If you've wanted a slimmer jQuery, and many do, you might want to look at jQuip.

Demis Bellot launched the project on GitHub earlier this month. The goal for jQuip? According to the GitHub page, "to kickstart jquery.com into re-organizing its code-base so it's more modular since we believe we've proved the most useful parts of jQuery is a fraction of its code-base."

The What and Why of jQuip

So what is jQuip? It's a "smaller, lighter, faster, more modular jQuery" that allows developers to include the parts that they want. According to the GitHub page, jQuip includes "90% of the good parts" in jQuery and is broken into several components that developers can include if they need them. A big chunk (three modules) are only needed if you plan to support older browsers. Developers can even use a simple page to generate a jQuip distribution of their own with the features they want.

Bellot says that he started on jQuip while working on a consultancy project, using jQuery on an "interactive datagrid to manage a large dataset in their CRM systems."

Performance problems in the application led Bellot to start whittling jQuery down to size. The client required IE6 support, but the combination of the large dataset and jQuery's size were causing the UI to lock up and throw JavaScript timeout errors. So Bellot made a "midnight ditch effort" that was the seed of jQuip.

He says more recent projects led to making jQuip an official GitHub project. "I started developing a '3rd party' drop in widget for work (Careers 2.0) where forcing a jQuery download (even on a CDN) would've been too heavy and lead to a degraded experience we wouldn't be able to completely control (esp. considering the fraction of jQuery we needed)."

Bellot is also working on the ServiceStack Web services framework, and says that embedding jQuery "has a significant effect on the size of the binaries." jQuip is designed to slim down the size while retaining the jQuery API.

The Future of jQuip

Given Bellot's dissatisfaction with jQuery, why not work with the project to solve the problems he has? Bellot says that he's made "no attempt" to coordinate with the jQuery project. "I believe they were heading in another direction (i.e. they get bigger with every release) and I needed a working solution today and couldn't wait for a future release (if it was coming at all)."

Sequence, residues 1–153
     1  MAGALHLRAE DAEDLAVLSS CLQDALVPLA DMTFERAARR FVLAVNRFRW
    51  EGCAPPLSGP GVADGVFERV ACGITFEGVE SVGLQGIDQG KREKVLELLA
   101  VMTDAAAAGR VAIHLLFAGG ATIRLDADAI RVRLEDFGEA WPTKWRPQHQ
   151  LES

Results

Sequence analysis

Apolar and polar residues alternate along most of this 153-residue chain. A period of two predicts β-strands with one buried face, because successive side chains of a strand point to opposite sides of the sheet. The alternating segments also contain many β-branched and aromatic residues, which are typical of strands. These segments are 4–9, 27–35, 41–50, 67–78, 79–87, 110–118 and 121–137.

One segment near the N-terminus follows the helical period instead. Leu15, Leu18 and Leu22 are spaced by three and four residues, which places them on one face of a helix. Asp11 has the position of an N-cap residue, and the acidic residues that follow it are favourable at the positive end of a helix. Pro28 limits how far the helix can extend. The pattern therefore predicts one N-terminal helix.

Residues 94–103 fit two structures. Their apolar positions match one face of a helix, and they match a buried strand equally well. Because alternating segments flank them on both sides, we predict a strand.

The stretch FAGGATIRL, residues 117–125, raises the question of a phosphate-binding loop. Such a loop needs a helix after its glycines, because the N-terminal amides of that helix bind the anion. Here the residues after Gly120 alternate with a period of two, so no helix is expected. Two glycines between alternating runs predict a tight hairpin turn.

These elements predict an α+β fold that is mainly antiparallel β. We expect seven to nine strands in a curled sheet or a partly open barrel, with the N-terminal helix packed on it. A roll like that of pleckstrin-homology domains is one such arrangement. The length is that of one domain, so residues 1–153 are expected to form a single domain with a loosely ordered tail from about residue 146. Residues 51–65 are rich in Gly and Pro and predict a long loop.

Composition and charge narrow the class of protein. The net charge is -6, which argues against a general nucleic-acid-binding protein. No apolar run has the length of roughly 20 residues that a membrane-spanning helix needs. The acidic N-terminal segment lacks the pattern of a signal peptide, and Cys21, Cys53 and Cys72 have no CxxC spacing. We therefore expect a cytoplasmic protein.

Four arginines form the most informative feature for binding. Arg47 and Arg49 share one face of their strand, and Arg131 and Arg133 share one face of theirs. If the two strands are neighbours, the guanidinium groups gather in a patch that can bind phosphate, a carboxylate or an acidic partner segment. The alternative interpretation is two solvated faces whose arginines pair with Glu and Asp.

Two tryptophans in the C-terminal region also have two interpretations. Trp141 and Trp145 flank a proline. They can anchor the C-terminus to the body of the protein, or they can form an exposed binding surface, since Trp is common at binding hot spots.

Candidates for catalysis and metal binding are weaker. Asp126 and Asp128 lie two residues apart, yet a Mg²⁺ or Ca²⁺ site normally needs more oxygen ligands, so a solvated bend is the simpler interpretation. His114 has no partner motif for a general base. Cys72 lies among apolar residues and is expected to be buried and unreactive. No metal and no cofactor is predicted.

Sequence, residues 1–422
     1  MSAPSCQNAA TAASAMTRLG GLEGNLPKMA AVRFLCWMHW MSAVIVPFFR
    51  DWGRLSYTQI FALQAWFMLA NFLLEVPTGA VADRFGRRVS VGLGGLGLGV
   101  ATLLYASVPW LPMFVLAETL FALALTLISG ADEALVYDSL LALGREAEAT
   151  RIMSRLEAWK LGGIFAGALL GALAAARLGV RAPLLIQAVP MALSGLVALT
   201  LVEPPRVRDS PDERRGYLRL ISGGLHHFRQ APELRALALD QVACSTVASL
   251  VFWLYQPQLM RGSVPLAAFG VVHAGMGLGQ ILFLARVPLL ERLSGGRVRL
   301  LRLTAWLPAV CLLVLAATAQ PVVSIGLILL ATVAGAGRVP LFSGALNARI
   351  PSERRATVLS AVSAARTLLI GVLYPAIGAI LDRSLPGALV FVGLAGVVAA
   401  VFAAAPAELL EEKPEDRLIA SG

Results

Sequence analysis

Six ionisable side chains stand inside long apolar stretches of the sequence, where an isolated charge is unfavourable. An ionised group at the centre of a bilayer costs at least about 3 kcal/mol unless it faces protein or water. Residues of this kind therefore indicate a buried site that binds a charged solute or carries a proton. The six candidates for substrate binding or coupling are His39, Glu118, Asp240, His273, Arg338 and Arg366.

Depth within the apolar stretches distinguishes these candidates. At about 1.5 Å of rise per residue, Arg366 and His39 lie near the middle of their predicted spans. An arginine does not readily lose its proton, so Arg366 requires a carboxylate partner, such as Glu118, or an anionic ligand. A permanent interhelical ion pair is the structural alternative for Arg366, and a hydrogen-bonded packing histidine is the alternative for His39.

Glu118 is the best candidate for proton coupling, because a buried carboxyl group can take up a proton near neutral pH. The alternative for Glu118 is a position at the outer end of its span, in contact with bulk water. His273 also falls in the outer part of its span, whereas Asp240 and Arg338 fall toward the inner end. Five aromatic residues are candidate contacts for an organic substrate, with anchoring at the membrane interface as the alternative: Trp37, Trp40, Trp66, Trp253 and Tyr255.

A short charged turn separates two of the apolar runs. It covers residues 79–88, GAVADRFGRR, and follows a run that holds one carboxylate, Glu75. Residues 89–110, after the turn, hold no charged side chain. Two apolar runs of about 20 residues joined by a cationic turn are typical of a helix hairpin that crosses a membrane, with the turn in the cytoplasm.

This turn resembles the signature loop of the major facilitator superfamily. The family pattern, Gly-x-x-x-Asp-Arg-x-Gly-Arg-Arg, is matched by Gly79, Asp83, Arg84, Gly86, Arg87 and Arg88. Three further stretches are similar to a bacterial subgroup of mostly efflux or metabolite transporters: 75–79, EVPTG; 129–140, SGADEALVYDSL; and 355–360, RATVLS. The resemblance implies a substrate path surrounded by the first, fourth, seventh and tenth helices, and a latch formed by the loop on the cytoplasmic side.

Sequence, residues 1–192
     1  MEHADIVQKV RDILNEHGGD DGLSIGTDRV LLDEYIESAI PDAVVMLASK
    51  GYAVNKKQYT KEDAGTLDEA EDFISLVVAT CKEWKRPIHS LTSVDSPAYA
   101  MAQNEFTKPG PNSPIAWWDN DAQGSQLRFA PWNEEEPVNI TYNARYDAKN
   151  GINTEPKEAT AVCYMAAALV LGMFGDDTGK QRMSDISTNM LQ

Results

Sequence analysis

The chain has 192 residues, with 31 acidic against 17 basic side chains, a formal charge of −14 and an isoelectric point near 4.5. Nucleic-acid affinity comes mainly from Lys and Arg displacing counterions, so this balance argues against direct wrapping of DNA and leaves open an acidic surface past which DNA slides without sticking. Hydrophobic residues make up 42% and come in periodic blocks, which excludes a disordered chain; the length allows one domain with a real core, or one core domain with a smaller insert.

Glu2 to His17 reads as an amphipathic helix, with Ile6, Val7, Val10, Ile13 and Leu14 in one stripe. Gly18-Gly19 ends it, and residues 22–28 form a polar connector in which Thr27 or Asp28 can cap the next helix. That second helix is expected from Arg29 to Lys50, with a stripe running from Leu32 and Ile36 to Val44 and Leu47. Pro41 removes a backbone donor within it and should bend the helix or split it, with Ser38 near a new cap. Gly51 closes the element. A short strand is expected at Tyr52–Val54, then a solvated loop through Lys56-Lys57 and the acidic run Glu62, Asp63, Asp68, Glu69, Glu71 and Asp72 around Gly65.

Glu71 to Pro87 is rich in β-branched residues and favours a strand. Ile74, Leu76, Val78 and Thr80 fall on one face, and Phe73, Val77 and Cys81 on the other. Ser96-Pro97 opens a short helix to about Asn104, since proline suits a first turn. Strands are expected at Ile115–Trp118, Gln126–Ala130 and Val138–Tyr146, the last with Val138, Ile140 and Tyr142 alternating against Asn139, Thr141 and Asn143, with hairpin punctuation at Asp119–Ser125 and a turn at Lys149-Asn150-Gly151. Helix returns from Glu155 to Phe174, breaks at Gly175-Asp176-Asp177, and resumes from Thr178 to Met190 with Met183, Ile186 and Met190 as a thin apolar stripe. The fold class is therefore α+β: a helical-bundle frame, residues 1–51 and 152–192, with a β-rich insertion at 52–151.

But, he says that he hopes that jQuery will respond to jQuip by restructuring their library "in a more modular architecture so we can only include the parts we want."

Bellot says that the core functionality in jQuip is already there, though he plans to restore bits needed to work well with Underscore.js and Backbone.js. Both are libraries for developing Single Page Applications (SPA). Anything else, says Bellot, can be included via a plugin. Some features, like abstracted events, won't be implemented in jQuip at all. Bellot says that it's rare that they're needed.

jQuip will also have some features, via plugins, that jQuery doesn't have. Bellot says that he plans to contribute plugins to jQuip that will make it easier to develop SPAs. He also says he'll "happily include anyone else's contributions into the library service," though developers should make sure they also work with jQuery.

One thing that Bellot is clear on, he's not looking to compete with jQuery. "I just want to access to a modular jQuery using only the parts I need, whether jQuery.com provides it or I have to maintain it myself. As soon as jQuery provides an option to do this, either by a more modular architecture or some functionality to strip out dead-code I'm happy to maintain it. When they do, the jQuip core will be replaceable but the plugins should be easily portable as they'll rely on the same jQuery API."

Bellot is looking for contributors to fill out missing pieces of jQuery and tests. Is jQuip likely to catch on? If you're using jQuery and looking at jQuip, or taking a first look at jQuip, let us know.